Next to being familiar with bank processes, growing up with moms is most probably the next closest thing to financial literacy. #realtalk
In its simplest term, financial literacy is basically understanding how to manage and use your money effectively. And it’s safe to say that most moms, if not all, are exceptionally gifted in this area. (Is that what happens when a human being comes out of your body?)
As a little kid, chances are, you have a memory of your mom budgeting your weekly expenses, listing down items for your grocery list, or haggling with your suki in the market. We can’t deny it. They are legit money experts! And truth be told, some of your mom’s FinLit wisdom have already rubbed off on you too with or without you noticing it.
Let’s recall these five times your mom taught you financial literacy growing up (you can thank them later!):
1. When she reminds you to eat everything on your plate.
There is NOT a single child in this country who haven’t heard their mom say, “Ubusin mo yung pagkain mo. Maraming nagugutom na bata.” Agree? We know you do! It might sound funny now but it’s true. Moms have repeated this line over and over to remind their children a simple truth about money, much more resources: it’s limited, and therefore you need to value it. And it starts with eating what’s on your plate.
PS. And also because… it’s their cooking we’re talking about! IYKWIM
2. When she prepares you baon for school.
Back in your early school days, break time holds a special place in your heart (and stomach!). You might recall your mom preparing your lunch box with your favorite biscuits so you have baon that school day. Sometimes, when your mom’s feeling a lil’ extra, she’ll create a masterpiece out of it too! Have you had one of those cute rice balls?
Looking back, you’ll realize that your mom has her reasons why she didn’t just give you money instead. First, to make your recess happy. And second, to save expenses from buying food you already have. Why spend on something available at home, right? When it comes to saving money, you can count on your mom to be as madiskarte as ever!
3. When she asks you to check the prices at the grocery.
When it comes to grocery shopping, moms know no time. We’re not kidding. They seem to take the phrase “take your time” way too seriously, and stroll the grocery alleys like they would in a park. To their defense, it’s because they spend time comparing products left and right—making sure they get the best deal from a million options. And at times, you would be the designated runner to and fro the cashier to check the prices!
While you might not love the idea of scanning barcodes growing up, you now learn to understand that financial literacy includes finding the best value for your money for every purchase. And for sure, your mom got that right down to the last centavo!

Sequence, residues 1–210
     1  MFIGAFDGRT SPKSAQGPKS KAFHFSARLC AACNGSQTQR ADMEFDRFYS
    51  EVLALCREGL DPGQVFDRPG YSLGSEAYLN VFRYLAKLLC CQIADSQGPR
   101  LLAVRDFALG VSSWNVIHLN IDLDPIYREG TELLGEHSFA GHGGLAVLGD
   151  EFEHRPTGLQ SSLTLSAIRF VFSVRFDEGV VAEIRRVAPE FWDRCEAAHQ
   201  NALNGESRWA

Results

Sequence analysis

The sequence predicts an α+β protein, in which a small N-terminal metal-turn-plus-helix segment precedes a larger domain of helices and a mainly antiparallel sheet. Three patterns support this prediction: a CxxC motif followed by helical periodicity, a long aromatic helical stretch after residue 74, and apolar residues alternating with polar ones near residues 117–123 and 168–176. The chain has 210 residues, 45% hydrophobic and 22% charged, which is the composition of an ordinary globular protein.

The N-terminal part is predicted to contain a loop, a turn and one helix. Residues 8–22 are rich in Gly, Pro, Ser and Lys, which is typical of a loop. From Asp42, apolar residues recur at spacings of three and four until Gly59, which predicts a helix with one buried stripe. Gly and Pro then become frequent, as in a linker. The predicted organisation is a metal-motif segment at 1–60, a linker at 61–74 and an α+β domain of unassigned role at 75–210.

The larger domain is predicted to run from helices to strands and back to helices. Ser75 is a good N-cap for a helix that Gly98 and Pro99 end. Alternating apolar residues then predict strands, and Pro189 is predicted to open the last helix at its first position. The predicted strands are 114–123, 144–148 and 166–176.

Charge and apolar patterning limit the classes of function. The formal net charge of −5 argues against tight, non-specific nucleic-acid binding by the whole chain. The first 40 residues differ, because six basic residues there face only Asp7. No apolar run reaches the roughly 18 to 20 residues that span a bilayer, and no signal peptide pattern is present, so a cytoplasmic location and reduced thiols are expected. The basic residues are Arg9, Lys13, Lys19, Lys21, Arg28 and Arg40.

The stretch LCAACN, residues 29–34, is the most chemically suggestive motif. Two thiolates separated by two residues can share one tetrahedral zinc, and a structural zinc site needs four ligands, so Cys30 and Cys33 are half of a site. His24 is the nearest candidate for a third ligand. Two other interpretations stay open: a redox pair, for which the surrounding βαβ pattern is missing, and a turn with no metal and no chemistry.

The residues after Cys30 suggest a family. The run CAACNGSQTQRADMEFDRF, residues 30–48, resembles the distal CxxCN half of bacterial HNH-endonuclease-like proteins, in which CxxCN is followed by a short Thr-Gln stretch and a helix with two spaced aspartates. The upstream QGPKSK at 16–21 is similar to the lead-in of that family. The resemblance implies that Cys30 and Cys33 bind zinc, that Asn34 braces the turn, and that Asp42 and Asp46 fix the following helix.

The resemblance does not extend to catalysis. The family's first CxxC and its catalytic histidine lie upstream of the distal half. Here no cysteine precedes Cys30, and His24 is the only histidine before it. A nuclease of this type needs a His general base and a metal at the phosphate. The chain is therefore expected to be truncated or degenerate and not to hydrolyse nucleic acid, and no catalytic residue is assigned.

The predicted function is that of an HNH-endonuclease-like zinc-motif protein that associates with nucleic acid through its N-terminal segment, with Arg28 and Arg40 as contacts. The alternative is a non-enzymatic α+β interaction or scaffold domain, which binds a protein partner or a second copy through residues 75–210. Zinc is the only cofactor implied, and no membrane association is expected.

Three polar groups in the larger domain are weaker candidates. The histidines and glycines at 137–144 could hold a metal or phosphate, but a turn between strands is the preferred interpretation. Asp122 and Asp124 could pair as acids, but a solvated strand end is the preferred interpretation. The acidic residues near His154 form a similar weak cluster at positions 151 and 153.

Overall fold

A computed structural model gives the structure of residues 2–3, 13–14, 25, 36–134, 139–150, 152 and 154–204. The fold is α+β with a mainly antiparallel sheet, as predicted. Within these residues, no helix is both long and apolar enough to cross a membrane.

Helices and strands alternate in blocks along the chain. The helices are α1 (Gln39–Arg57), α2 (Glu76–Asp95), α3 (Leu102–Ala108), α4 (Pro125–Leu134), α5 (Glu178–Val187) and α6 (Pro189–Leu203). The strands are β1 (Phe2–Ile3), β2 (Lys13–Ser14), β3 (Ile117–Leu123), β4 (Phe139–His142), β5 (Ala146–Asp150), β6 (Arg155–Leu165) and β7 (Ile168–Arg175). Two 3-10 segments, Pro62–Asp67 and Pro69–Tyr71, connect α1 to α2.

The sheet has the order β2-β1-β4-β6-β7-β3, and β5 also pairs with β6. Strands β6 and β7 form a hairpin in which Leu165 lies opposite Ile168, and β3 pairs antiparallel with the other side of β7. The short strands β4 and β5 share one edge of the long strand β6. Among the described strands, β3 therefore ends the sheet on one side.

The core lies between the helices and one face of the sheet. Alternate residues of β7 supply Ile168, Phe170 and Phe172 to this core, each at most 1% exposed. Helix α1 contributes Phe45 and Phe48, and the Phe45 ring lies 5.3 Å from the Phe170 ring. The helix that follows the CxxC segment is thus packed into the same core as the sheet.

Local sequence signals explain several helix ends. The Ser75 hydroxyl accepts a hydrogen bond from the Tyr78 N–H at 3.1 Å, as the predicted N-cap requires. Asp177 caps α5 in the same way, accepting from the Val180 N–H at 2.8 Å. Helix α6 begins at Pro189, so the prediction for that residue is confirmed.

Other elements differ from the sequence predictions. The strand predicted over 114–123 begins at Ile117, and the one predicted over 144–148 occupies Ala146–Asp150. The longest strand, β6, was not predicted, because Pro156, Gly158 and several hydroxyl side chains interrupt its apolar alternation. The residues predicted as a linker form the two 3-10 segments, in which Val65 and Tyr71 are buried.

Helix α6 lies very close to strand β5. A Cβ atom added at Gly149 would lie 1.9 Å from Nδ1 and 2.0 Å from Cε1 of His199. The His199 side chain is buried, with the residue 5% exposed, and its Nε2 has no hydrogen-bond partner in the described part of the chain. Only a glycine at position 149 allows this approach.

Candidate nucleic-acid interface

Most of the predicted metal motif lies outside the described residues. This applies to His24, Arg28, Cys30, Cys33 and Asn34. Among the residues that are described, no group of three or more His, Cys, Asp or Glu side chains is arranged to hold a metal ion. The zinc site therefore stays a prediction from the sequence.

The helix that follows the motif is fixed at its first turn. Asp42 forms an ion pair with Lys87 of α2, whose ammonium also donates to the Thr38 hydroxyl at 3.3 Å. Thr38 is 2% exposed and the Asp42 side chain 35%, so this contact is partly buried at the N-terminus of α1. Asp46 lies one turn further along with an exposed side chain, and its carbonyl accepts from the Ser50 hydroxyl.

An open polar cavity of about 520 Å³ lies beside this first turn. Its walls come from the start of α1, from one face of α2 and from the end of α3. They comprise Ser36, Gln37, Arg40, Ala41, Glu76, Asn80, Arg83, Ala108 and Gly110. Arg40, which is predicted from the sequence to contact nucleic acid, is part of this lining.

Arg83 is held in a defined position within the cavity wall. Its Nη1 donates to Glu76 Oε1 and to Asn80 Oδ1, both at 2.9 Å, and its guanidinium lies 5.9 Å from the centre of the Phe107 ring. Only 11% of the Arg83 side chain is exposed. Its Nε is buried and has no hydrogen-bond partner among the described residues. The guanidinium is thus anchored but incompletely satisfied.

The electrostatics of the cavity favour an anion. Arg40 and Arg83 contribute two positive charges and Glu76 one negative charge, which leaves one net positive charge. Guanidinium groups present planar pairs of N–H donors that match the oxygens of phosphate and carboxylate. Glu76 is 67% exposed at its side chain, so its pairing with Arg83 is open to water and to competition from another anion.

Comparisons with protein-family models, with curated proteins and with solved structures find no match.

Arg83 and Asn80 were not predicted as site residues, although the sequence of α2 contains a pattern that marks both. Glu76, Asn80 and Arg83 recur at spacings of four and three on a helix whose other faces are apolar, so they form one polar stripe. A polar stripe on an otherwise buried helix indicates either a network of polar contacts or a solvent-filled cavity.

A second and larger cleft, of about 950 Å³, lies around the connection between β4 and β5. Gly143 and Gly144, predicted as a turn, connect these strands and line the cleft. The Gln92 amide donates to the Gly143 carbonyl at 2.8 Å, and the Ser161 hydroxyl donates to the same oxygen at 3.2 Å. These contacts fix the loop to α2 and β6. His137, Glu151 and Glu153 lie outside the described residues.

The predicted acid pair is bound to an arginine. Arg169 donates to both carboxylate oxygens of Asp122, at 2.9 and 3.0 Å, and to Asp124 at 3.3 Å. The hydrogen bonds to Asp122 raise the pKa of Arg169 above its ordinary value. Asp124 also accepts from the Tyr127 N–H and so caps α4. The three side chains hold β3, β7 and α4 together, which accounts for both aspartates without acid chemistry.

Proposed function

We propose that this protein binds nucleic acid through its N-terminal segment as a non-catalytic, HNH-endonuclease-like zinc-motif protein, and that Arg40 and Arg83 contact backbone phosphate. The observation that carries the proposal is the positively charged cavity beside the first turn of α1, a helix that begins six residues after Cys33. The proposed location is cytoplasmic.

4. When she gives you money when you do a household chore.
It’s not everyday that you find a child overly excited to sweep the floor or wash the dishes. (If you know someone, please let us know. We need help.) Sometimes, it’s you. Most of the time, it’s you… half-heartedly doing it because your mom says she will give you money as a reward. Oh boy does that trick do wonders!
While some might call it borderline *bribing*, your mom knows well to teach you that hard work is an important part of life. Financial literacy isn’t just about saving money, but also about finding ways to earn money with your own abilities. You learned that as a child, and you can thank your mom for it.
5. When she buys you something you like even if it’s expensive.
Many people think that financial literacy is all about saving, saving, saving. Well, partly true. There is also wisdom in knowing that an equal part of the equation includes spending money too. Specifically, investing on your needs and wants once in a while. After all, it’s all about being wise in your spending.
When your mom got you that expensive jacket you’ve been checking out since forever, it’s not because she just wants to splurge money out of nowhere. It’s because she knew those clothes are a good investment for her child. And look how good and cozy you look in it!
PS. Being thrifty does not mean being stingy.
Financial literacy seems like a big idea to grasp that it feels like only text books and financial advisors are capable of explaining it well. When in reality, your mom has been doing such a great job explaining it in everyday tasks you often take for granted. Who knew you are already financially literate at such a young age? (Thanks, mom!)